Notably, racial profiling violates the 4th amendment act which provides that no individual has the right to deny another the equal protection of laws. Therefore, racial profiling is an unequal protection. For instance, Latinos and blacks are more likely to be brutalized by the police than the whites. Similarly, the police perceive the whites as better law-abiding citizens. As a result, the unequal protection creates anger and hostility among citizens because some feel discriminated against (Jacobsmeier, 2014). To resolve this, law enforcement agencies should be educated on the impacts of sabotaging the law and, in-turn, violating human rights.

Racial profiling is morally wrong (Lee, 2015). It disproportionately targets African Americans for investigation and punishment. Perceiving a specific group of people as a source of threat places innocent citizens and immigrants under pervasive scrutiny. It creates a sense of alienation, fear, and exclusion among the affected members. Besides, it minimizes the level of trust towards law enforcement agencies. Ideally, it is unethical for police officers to violate the same laws they take an oath to protect.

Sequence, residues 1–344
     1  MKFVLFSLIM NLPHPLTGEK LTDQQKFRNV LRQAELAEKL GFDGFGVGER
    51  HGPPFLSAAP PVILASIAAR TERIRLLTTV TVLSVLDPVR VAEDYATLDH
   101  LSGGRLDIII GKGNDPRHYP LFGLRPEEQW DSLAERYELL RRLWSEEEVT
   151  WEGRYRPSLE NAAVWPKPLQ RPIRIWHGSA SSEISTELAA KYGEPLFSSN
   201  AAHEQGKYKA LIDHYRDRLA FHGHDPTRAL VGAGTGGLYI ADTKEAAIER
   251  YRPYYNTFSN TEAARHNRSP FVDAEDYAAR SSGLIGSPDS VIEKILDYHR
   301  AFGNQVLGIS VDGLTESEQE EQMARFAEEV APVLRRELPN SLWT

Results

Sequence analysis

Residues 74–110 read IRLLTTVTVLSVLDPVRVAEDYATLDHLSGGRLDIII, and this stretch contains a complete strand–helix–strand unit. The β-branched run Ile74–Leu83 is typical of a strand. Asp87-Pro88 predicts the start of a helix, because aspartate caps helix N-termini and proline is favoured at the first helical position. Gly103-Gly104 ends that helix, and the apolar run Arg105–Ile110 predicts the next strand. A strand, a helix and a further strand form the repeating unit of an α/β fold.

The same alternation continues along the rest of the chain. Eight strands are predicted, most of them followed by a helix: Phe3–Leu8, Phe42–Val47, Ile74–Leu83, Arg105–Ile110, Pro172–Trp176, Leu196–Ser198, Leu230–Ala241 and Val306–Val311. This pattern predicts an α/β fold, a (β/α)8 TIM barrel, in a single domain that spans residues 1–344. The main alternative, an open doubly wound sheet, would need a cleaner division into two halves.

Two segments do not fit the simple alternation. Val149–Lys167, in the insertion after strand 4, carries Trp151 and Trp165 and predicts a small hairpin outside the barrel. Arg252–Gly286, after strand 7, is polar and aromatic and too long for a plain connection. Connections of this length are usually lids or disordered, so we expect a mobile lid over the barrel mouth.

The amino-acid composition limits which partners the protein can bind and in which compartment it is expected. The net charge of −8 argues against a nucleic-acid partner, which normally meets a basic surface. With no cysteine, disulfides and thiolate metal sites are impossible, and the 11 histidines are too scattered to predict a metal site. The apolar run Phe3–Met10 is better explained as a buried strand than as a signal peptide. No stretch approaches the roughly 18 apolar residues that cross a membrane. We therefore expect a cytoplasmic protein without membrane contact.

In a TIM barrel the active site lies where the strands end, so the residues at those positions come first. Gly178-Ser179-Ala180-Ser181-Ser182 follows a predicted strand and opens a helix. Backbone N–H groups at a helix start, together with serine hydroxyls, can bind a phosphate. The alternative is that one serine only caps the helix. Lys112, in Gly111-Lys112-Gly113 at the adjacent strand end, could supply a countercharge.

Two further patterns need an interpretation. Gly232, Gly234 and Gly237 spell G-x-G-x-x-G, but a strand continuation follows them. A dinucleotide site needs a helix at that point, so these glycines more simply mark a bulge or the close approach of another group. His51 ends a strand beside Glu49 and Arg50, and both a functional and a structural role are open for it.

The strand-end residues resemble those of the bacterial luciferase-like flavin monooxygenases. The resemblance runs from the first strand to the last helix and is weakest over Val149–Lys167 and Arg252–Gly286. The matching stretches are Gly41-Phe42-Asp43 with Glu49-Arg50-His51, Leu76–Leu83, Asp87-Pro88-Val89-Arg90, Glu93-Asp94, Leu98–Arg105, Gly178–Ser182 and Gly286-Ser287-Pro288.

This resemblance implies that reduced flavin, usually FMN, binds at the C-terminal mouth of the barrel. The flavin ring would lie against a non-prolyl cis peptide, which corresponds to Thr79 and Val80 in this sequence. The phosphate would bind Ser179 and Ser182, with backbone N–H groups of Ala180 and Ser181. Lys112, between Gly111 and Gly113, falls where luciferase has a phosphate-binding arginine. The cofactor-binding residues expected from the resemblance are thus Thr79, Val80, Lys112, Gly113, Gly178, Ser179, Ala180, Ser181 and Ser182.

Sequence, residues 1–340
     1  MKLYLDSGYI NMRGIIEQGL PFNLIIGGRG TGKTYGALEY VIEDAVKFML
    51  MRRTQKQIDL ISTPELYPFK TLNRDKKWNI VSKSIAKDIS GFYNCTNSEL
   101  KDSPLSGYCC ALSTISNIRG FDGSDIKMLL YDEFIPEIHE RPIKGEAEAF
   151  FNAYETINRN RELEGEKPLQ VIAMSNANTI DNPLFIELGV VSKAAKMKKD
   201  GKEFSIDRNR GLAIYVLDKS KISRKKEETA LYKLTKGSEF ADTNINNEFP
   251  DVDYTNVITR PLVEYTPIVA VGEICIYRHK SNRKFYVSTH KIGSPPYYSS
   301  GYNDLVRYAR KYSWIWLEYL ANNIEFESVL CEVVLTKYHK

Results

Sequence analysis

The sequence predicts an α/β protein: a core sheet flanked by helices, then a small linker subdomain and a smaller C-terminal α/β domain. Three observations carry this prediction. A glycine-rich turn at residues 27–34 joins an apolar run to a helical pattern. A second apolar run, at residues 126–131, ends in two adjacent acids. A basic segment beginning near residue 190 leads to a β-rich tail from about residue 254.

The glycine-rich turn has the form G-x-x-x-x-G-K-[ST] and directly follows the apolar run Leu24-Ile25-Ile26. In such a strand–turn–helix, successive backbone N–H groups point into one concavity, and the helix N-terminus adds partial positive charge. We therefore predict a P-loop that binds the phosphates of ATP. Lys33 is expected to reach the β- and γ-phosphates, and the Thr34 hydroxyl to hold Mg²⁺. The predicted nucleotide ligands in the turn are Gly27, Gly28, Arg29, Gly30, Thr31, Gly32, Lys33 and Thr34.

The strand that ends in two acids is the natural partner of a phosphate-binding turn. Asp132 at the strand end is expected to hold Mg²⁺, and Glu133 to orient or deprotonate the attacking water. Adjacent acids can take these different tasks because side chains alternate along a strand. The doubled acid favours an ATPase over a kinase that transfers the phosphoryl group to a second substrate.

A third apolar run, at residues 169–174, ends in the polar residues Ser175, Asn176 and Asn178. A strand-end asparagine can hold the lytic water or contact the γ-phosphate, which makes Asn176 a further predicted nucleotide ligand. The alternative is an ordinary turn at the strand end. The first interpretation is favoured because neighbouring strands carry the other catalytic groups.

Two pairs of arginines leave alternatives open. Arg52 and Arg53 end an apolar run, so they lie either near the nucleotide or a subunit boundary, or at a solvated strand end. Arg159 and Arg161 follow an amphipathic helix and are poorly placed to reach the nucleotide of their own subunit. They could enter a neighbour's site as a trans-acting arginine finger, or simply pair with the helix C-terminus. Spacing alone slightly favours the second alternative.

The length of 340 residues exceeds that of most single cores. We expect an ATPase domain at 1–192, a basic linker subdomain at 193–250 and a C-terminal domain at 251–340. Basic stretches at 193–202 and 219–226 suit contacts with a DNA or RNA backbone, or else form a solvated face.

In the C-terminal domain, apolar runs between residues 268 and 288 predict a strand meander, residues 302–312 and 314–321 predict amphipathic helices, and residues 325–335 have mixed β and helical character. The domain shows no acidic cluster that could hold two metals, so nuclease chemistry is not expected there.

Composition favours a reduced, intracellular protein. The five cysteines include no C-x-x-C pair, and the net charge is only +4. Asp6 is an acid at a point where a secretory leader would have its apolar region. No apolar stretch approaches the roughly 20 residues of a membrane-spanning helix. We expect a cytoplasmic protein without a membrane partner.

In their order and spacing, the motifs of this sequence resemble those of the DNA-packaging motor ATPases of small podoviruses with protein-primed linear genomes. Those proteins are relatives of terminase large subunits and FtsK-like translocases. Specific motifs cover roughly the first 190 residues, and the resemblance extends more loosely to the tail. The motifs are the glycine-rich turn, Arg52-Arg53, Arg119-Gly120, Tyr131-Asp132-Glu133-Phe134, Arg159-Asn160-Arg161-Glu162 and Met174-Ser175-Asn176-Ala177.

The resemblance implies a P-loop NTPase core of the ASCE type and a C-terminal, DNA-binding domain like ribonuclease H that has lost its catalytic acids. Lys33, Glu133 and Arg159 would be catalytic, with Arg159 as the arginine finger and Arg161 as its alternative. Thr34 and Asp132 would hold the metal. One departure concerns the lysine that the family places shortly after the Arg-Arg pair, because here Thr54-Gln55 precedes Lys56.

Lastly, profiling can escalate into violence. Racial profiling sees that police officers use less evidence for Latinos, immigrants, and blacks than they would for whites. This unfair hearing stirs up anger and could create a situation where a group of police officers and armed citizens turn up against each other in an effort of safeguarding their rights (Lee, 2015). Overall, racial profiling creates disharmony and hostility among members of the society.